A protocol was set up for the extraction of total DNA without bias for high-molecular weight molecules, in order to extract with similar efficiency long as well as degraded DNA fragments. Cultures grown as described above (80 ml) were centrifuged and the cell pellet was resuspended in 0.3 ml of lysis buffer [20 mM Tris–HCl (pH 8), 5 mM EDTA, 1% SDS). The lysate was extracted five times with a phenol–chlorophorm (1:1) suspension equilibrated in 10 mM Tris–HCl (pH 8), 1 mM EDTA. Nucleic acids were then ethanol precipitated and RNA was digested by RNAse A (1 mg/ml). DNA was analysed by electrophoresis in 1% agarose gel in Tris–Acetate buffer containing 1 µg/ml ethidium bromide. Gels were photographed under UV light using the Chemidoc system (BioRad).
S.solfataricus is highly sensitive to MMS
S.solfataricus P2 cultures were grown at 80°C in rich medium with shaking; under these conditions, the replication cycle of this strain is about 7 h and it takes about 24 h from dilution to reach the exponential phase. Different concentrations of MMS were added and culture density was followed spectrophotometrically ( Figure 1A ). Whereas the drug at 0.17 mM only had a minor effect, all higher MMS concentrations induced slight reduction of absorbance. After 24 h, absorbance resumed exponential increase if 0.35 mM was used; in contrast, at higher MMS concentrations culture density remained essentially constant over the next 48 h. Absorbance was also measured 2 and 6 h after MMS addition, showing values similar to controls at 0.17 mM MMS; instead, when 0.35, 0.7 and 1.4 mM MMS were used, the cell density remained essentially similar to that measured at the time of MMS addition (data not shown).
The same results were obtained if after 30 min of incubation with MMS at different concentrations, the cultures were centrifuged and fresh medium was added (data not shown). These data demonstrate that S.solfataricus is remarkably more sensitive to MMS than mesophilic model organisms: for instance, wild-type Escherichia coli strains are fully resistant to 1.5 mM and Saccharomyces cerevisiae to 5 mM MMS ( 26 , 27 ).
Phase-contrast microscopy showed that, consistent with OD reduction, the total cell number was highly reduced 24 h after treatment with 0.35–1.4 mM MMS. In addition, MMS-treated cells show heterogeneous aspect, with most cells of reduced size with respect to controls and several larger cells with disordered interior that might be indicative of problems in DNA replication and cell division (data not shown).
Total protein content from controls and MMS-treated cultures was analysed by SDS gel electrophoresis. No dramatic change in the protein pattern was apparent under the conditions used ( Figure 1B ).
MMS treatment induces reverse gyrase loss
We have previously shown that reverse gyrase is translocated from the cytoplasm to DNA in S.solfataricus after UV irradiation ( 22 ). We therefore wondered whether MMS also affected reverse gyrase level or distribution. Cultures grown at 80°C were treated with different amounts of MMS, cells were lysed after 2 h and lysates were fractionated, obtaining a soluble supernatant and a pellet containing genomic DNA with tightly associated chromosomal proteins ( 22 ). We analysed the amount and distribution of reverse gyrase in cell extracts by western blotting using a polyclonal antibody directed against the S.acidocaldarius reverse gyrase which recognizes the S.solfataricus protein ( Figure 2A ).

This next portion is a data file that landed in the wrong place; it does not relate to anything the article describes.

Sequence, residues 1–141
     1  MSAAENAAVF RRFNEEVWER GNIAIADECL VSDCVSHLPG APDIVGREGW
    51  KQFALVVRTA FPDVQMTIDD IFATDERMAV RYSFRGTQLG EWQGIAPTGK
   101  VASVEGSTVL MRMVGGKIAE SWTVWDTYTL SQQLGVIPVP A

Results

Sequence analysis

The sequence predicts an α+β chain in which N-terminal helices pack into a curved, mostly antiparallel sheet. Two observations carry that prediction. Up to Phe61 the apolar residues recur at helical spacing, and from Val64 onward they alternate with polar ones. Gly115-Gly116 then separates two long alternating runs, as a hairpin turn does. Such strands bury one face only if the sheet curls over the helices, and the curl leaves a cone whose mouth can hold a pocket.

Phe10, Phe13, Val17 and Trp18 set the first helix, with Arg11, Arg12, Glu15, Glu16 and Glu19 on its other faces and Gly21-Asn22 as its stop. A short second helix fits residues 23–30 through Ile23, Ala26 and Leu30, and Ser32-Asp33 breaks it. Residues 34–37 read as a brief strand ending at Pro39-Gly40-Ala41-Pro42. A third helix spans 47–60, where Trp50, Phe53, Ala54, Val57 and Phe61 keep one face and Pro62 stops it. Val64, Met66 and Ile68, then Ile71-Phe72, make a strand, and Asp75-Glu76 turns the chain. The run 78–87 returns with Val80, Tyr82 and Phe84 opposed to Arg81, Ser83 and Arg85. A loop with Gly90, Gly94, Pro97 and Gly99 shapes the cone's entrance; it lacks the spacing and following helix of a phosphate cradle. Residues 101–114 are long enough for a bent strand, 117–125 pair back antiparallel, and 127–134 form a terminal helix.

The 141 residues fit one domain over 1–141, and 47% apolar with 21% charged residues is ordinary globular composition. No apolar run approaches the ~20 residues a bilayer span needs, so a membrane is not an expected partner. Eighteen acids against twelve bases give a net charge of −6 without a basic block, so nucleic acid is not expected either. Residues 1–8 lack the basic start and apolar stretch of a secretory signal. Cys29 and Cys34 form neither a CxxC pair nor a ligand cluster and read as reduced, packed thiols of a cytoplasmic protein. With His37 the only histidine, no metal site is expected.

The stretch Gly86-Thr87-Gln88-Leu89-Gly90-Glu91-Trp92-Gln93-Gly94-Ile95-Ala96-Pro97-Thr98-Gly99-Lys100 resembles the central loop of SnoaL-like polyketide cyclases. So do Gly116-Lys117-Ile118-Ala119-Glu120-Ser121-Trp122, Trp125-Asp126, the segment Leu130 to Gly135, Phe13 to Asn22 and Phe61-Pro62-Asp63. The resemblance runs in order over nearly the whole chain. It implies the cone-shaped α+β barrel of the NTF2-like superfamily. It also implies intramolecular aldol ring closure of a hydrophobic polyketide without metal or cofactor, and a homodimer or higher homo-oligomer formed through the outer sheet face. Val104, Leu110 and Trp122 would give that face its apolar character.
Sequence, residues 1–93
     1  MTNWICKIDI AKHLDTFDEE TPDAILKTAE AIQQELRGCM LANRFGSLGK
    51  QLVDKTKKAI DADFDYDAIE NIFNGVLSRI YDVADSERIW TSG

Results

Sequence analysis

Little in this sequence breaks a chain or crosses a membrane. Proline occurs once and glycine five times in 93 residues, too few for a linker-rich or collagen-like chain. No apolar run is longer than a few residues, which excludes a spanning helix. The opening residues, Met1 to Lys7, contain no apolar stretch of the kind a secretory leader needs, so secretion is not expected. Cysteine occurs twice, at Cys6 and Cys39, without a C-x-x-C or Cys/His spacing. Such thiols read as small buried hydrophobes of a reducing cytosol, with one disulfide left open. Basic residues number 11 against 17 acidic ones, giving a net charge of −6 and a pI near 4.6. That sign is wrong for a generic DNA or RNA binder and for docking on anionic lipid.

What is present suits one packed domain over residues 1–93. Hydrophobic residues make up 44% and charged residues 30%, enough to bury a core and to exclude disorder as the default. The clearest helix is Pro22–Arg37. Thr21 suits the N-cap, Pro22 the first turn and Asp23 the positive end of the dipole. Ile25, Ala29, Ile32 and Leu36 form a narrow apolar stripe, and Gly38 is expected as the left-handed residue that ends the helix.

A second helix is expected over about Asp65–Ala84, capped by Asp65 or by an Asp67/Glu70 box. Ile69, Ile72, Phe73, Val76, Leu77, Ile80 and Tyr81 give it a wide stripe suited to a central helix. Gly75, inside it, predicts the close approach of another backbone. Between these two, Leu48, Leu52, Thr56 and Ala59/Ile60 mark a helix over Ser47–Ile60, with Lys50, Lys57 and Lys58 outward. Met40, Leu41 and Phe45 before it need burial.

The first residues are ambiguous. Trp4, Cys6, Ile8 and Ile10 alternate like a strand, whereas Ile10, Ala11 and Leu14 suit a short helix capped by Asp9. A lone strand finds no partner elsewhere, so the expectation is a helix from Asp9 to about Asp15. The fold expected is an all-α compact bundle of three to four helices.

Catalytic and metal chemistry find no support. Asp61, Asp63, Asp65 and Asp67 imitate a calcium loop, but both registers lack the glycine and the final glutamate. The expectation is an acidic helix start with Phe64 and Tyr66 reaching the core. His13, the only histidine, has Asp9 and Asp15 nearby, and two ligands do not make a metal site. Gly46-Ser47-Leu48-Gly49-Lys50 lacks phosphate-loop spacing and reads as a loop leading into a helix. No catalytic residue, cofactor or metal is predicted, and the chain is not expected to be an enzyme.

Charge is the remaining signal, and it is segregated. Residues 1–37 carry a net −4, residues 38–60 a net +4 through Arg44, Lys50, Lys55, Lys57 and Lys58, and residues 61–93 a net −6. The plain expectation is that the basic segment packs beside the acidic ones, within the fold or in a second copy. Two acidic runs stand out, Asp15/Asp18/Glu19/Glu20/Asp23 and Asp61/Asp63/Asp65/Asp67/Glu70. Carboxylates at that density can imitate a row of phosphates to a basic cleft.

As shown previously ( 22 ), under the experimental conditions used to prepare these extracts, in control cells about 90% of reverse gyrase was found in the soluble fraction, and only about 10% in the pellet. A similar distribution was observed at 0.35 mM ( Figure 2A ) or lower MMS concentrations (data not shown). In contrast, 2 h after MMS treatment the protein was dramatically reduced in supernatants at 0.7 mM MMS and disappeared at 1.4 mM MMS; only a slight reduction was observed in the pellets. The same filter was probed with an antibody directed against the B subunit of topoisomerase VI, an archaeal-specific type II topoisomerase ( 28 ): topoisomerase VI was mainly associated to the insoluble fraction, and no variations in its level or distribution were observed after MMS treatment. As a control of loading we also used an antibody directed against the β-subunit of the chaperone prefoldin, which showed no significant variations ( Figure 2A ).
Reverse gyrase depletion was both time- and MMS concentration-dependent: indeed, after 30 min of treatment, the protein was reduced to about 50 or 20% of the control, respectively, if 0.7 or 1 mM MMS was used ( Figure 2B ).
Although no reduction of reverse gyrase content was observed after 2 h of treatment with 0.35 mM MMS, the level of the enzyme was transiently reduced after 6 h and returned to normal levels 24 h after MMS addition ( Figure 2C ).